Rick mentioned that he'd traded email earlier in the day with the OryCon 35 and OryCon 36 chairs to start the discussion on making sure reimbursements like this had some consistency from year-to-year. (Committee reimbursements have been made in the past, going as far back as OryCon 11). The requested changes were unanimously approved by the board.
Rick: Car asked earlier if we allow a convention to give money to another convention (a future OSFCI event). Rick said he thought that we'd discouraged this (but hadn't forbidden it). What is the memory of other people? John: We discussed this sometime back , because GameStorm used to do this every year. We discouraged groups from doing that, but decided that a concom can pass money forward if it's for a specific purpose–such as sponsoring a special guest (like when an OryCon provided the money to bring Terry Prachett to an OryCon two years later)–but not just to roll money forward year after year. Rick: The problem with just rolling the money over is that it makes it a lot more difficult to determine if an event had a surplus, and it makes the accounting a little harder for the corporate treasurer.
Lea said she'd started this discussion because there are two conventions this year that have financial threats against them: OryCon 36 because of the hotel change (OryCon moving to the Marriott next year), and World Horror because of the large room block they need to fill. Lea would like to use some of the surplus from OryCon 35 to help prevent these possible problems. Aaron: It's not the job of an individual convention to protect another convention from a financial risk–that's what the corporation is for. The reason to help other conventions would be to help pay for expenses that the other convention could not justify budgeting for (like a special overseas guest).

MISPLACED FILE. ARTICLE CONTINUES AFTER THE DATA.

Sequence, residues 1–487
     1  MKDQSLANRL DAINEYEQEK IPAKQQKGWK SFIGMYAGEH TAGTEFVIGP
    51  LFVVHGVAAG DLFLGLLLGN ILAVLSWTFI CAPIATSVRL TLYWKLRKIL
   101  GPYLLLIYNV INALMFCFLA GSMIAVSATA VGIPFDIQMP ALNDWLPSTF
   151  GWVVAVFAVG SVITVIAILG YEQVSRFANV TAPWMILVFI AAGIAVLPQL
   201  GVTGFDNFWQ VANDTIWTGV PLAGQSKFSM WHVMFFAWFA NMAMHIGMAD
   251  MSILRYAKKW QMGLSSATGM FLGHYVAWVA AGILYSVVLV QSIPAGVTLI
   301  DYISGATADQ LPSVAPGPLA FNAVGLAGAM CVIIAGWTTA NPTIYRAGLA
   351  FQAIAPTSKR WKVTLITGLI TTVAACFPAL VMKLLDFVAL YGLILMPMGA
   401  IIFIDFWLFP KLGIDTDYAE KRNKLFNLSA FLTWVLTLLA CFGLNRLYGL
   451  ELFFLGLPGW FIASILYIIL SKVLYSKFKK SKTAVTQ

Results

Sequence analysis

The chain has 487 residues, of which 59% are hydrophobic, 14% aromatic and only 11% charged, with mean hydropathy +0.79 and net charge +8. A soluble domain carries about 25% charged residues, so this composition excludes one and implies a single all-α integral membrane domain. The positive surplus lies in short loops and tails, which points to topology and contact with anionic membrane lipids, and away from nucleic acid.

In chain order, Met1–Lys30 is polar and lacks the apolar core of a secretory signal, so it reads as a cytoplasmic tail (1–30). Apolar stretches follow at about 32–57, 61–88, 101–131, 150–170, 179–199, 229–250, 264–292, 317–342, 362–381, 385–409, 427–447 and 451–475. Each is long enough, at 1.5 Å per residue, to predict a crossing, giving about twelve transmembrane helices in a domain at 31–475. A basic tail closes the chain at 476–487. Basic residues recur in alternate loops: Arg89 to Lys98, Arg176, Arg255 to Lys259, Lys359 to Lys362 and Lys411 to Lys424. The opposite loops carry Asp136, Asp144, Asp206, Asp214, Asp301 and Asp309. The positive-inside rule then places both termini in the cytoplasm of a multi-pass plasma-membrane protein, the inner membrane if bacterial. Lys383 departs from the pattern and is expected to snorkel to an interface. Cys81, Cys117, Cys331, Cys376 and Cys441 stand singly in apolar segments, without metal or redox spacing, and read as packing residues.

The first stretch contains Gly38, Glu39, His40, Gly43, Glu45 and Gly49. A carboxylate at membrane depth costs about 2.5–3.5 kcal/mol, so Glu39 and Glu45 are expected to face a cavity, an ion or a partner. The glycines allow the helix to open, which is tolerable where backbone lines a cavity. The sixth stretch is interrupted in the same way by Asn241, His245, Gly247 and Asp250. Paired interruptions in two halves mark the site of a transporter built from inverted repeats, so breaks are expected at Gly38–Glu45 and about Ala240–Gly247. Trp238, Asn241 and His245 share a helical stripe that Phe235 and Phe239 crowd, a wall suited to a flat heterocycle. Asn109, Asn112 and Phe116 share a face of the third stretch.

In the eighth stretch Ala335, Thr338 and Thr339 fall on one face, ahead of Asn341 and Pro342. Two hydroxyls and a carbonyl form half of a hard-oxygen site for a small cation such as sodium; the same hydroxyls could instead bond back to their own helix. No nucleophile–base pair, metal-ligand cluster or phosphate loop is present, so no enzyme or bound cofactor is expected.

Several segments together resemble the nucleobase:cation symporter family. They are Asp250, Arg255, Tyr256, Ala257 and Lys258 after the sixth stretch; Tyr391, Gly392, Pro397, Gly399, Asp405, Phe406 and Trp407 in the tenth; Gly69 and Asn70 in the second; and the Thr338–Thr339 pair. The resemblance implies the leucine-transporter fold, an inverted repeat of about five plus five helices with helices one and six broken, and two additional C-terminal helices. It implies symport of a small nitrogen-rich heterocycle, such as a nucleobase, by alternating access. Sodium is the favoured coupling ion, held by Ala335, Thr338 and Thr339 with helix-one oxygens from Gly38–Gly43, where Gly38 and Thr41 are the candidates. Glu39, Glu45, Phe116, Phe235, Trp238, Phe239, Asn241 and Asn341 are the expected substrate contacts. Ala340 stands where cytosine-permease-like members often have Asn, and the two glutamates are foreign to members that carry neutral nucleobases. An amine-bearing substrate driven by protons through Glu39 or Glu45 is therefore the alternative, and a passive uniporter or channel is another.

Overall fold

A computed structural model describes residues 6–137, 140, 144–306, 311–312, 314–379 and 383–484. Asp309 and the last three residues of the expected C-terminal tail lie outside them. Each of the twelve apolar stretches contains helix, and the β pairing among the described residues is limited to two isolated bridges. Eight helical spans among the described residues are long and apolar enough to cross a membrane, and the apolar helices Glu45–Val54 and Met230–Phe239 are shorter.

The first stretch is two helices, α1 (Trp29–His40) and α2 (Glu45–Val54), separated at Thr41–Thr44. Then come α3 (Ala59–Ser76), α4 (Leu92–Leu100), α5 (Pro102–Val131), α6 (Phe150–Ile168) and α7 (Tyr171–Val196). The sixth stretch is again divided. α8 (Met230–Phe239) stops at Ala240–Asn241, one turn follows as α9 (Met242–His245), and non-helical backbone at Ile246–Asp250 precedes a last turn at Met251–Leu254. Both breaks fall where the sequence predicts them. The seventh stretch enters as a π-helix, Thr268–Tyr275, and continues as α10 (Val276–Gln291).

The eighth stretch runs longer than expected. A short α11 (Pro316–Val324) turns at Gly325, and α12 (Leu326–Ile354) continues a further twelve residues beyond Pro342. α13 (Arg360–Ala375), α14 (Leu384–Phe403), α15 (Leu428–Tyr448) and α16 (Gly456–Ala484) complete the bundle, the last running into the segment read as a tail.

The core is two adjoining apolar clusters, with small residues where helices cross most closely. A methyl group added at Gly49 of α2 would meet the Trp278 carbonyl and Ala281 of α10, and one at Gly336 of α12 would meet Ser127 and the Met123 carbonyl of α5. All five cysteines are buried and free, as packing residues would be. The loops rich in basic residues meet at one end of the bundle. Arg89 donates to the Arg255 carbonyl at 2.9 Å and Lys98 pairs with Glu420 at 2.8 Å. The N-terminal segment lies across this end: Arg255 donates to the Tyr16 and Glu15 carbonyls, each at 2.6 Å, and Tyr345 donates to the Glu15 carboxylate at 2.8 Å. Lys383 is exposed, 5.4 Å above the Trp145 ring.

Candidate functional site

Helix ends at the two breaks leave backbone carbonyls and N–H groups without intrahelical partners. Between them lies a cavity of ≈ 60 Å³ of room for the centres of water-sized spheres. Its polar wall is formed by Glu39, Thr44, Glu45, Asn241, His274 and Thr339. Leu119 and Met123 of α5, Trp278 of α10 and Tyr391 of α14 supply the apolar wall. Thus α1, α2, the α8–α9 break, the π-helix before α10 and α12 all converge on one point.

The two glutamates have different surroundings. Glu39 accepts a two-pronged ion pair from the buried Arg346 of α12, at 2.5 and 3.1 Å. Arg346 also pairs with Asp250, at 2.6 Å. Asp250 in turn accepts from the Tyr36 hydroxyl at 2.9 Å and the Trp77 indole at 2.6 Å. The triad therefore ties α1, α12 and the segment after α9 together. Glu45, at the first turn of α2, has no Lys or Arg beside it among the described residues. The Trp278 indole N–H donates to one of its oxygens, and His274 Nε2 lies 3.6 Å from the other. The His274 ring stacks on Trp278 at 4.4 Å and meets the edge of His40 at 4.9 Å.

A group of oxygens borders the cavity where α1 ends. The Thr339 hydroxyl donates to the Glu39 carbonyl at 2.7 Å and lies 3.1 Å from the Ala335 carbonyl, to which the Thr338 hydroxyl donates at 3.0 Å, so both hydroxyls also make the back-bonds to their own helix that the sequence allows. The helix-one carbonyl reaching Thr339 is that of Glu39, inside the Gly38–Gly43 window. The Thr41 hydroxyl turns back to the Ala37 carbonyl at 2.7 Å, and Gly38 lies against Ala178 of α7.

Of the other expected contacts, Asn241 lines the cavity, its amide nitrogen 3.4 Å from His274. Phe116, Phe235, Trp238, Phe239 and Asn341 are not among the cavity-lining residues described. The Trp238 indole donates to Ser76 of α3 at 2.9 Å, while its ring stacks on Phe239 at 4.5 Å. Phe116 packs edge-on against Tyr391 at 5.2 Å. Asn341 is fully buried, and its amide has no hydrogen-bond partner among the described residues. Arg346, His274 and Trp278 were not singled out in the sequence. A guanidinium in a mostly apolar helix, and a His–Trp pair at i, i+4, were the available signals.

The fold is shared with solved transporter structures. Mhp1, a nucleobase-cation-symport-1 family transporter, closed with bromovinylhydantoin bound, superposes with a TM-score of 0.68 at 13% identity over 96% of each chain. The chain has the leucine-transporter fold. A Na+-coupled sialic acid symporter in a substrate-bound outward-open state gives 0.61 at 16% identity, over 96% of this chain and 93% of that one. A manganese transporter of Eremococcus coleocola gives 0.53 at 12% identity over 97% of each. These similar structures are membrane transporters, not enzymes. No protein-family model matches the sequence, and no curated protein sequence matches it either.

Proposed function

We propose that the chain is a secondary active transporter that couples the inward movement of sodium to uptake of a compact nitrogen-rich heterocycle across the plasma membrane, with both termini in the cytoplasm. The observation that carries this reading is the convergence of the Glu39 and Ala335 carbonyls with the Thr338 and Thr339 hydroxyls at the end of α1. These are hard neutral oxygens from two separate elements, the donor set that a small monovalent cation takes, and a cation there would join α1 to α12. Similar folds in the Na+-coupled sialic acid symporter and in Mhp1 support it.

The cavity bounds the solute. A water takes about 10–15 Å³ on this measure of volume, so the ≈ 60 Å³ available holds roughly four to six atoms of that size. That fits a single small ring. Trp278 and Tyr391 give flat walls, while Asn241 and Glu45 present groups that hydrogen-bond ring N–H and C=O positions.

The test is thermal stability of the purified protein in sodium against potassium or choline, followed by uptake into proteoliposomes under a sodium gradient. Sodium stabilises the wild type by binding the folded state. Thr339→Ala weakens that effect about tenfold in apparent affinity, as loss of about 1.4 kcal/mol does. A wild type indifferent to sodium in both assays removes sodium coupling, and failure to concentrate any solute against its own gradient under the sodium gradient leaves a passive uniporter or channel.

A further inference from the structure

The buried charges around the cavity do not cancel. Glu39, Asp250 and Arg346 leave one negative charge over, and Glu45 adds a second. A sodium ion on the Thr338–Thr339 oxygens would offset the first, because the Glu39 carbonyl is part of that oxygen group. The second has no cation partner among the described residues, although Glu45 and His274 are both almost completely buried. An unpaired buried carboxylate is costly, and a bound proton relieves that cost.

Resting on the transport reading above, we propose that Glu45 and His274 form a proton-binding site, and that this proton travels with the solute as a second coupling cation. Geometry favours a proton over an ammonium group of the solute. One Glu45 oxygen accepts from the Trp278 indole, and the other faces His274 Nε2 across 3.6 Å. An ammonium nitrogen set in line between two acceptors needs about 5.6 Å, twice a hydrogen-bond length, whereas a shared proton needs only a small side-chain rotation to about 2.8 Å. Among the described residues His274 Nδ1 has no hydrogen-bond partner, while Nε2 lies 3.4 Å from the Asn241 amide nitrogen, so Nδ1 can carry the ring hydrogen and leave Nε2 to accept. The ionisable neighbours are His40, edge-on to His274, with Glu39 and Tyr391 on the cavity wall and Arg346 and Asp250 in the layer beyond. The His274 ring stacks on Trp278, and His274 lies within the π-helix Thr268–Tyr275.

Debbie: Are you talking about giving the money from the surplus before it's split with OSFCI, or out of the 50% of that surplus that you have control over? Lea: This would be out of my portion of the surplus. (It wouldn't affect the money going to OSFCI.) John: What had prompted the previous discussion was a practice of rolling the money over before determining what the surplus was (and thereby cutting down the surplus). Stephen: If you are worried about some convention breaking OSFCI, you can simply roll more money from the surplus over to OSFCI. Rick said that we already have a considerable amount of money in OSFCI right now. What concerns him is that if we tie more money in OSFCI, then that takes money away from other charities that might have benefitted.
It was pointed out that, under the management agreement, OSFCI couldn't stop Lea from giving her portion of the Ory35 surplus to Ory36 or WHC, but it could (try to) discourage her from doing so. John: You also have another answer–there's nothing wrong with sponsoring a guest at one of those events.
Jason mentioned that GameStorm will have fan tables this year, and he suggests that there be an OSFCI table (or tables for the OSFCI charities) there.
It was decided that the next Board meeting would be Tuesday, February 25th, at 7:30PM here at the Doubletree. (We'll ask the hotel for the room to be set up in classroom style.)
The meeting was adjourned at 8:43PM.